Friday, July 10, 2009

Motorcycle Safety and Training

The dust has settled a bit and maybe it's time to sum up how important training is for bikers. Lack of bike control skills and observation/situational analysis has time and time again been identified as a contributing cause in the majority of bike accidents in studies from Hurt to Maids and by every experienced and responsible biker I have ever talked to.

As a bike safety site, we at are appalled at the negativity and bogus allegations expressed in various quarters. Yes, five people died due to crashes during MSF training in the last ten years. But the MSF has trained more than two and a half million riders during this time, so the chances of being killed during training are about one in half a million. Compared to more than 30,000 bikers killed in accidents during this time, it is a very small number, especially when you consider that lack of training probably contributed to 20,000 or more of those deaths. Yes, deaths during training are tragic and should not happen, but consider the benefit of training 2.5 million bikers and the awful trade-off makes sense. I do hope that MSF is changing up its processes with a view to reducing the death rate, and I will be talking to them about that. (I hope I don't wear out my welcome there).

So the training isn't as good as it could be. Oregon's course material is similar to MSF's but they use different adult teaching techniques and claim better results. (We're checking this out right now). The Marines and Air Force are currently revamping their training regimens, and are being a bit secretive about the research they base it on. Famously, the Marines claim they lose more squaddies from bike crashes than in combat, which is motivating their current development. There is also evidence that some states have been dumbing down their training and testing requirements, while we note that the EU generally has more stringent requirements and is in the process of making them tougher. We think this is a factor.

What needs to happen here is a new study so we can have good information, not the bogus junk obtained from public records. (The military research underpinning their recent training decisions was based to a large extent on researchers responding to crashes and collecting their own data, but they won't release their results due to their culture of secrecy). We need to research improved course material and educational methods, and to have tougher training and testing requirements. In the meantime, responsible bikers educators, researchers and safety people need to be improving and promoting training incrementally, based on what we know now. If the military can research the options and make decisions regarding training courses, then the rest of us and the MSF can do something too.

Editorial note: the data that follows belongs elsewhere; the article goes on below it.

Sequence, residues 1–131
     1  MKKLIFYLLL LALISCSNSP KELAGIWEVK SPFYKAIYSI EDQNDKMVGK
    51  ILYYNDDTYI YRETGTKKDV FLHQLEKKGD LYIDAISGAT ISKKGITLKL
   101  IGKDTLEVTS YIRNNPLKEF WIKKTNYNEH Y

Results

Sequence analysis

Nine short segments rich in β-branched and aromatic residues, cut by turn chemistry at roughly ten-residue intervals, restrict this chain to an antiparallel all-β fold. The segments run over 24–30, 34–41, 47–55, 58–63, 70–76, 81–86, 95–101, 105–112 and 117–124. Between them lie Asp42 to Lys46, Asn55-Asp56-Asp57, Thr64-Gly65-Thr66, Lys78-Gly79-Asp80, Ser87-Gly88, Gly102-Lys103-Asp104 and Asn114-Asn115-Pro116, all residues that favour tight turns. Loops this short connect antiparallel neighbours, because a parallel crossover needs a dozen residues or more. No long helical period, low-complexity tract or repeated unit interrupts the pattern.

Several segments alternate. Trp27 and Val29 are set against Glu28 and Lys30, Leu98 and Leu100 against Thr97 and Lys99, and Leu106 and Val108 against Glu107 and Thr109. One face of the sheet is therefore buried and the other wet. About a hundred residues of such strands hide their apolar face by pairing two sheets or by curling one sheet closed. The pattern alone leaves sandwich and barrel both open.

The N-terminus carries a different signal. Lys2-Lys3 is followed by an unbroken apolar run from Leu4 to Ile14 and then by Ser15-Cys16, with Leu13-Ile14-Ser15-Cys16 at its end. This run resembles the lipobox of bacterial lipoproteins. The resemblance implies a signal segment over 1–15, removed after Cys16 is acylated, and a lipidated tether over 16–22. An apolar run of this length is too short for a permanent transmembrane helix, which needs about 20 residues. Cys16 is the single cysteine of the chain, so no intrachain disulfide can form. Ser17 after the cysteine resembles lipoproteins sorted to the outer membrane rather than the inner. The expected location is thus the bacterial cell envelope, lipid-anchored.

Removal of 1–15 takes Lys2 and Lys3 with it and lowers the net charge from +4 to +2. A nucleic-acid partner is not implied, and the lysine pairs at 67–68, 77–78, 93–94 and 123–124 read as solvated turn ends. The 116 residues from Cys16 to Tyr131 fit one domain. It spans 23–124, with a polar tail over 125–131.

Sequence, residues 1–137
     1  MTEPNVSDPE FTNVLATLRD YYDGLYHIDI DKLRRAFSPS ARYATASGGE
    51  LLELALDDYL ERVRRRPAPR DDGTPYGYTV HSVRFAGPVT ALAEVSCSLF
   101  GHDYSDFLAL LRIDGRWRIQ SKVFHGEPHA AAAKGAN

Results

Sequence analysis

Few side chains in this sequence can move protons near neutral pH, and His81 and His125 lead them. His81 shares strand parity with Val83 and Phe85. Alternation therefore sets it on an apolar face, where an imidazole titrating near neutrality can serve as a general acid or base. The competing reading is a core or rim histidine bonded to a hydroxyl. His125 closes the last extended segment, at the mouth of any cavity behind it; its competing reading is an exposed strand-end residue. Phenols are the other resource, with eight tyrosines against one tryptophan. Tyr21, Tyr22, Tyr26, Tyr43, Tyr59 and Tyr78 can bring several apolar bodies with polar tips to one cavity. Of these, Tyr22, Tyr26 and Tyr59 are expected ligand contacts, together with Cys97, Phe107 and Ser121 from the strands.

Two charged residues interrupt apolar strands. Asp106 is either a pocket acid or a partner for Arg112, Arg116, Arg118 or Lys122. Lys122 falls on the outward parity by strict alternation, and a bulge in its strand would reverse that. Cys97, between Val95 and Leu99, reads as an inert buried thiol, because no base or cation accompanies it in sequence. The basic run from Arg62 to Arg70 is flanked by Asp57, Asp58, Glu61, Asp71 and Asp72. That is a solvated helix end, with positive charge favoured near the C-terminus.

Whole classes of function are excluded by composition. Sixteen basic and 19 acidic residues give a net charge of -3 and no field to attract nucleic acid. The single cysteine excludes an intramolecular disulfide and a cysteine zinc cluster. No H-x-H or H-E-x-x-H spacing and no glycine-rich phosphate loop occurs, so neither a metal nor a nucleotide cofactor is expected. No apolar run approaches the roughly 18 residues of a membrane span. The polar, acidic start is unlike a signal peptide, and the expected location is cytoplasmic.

We at have been working on this. We have a new national training page with a cool, clickable map, listing all the non-MSF basic, experienced, advanced and specialized bike training we could find. (The MSF already has their own version of this). We've been talking to a lot of the trainers. I am booked into Dragon Safe's training course next week, nice excuse to take the ST up into the Smokies. I'll be reviewing this course, based on Lee Park's Level 1 shortly. While on the road, I hope to interview Lee himself, another upcoming feature, and also review his book. I am very interested in his theories on Rider Psychology which will probably be a new section in pretty soon. I'm also planning to visit with an MSF Basic Rider Course in coming weeks, and we'll do an in-depth article on the training and the people. I also plan to visit with Joey Redmon in North Carolina soon, to sit in on his 'Ride like a Pro' police-style training class, and I'm sure I'll be writing about that.

In short, is getting ready to take a major ride through the training landscape and y'all are invited. Along the way, I have identified several people who are knowledgeable on the changes happening in the military training, and we'll be trying hard to get under the skin of what's going on there.

I have been talking and corresponding with dozens of motorcycle trainers and bike police lately, with hundreds of years and millions of miles of combined riding experience, and man-years of advanced training. I've asked them all if they'd recommend that a new rider takes the MSF course. The answer is unanimous - train early and often, learn riding skills, learn defensive strategies, develop situational awareness and ride a little bit safer. That's the research we care about.

We'll have the first installment of the new and expanded BikeSafer training coverage when I get back from my road trip next weekend.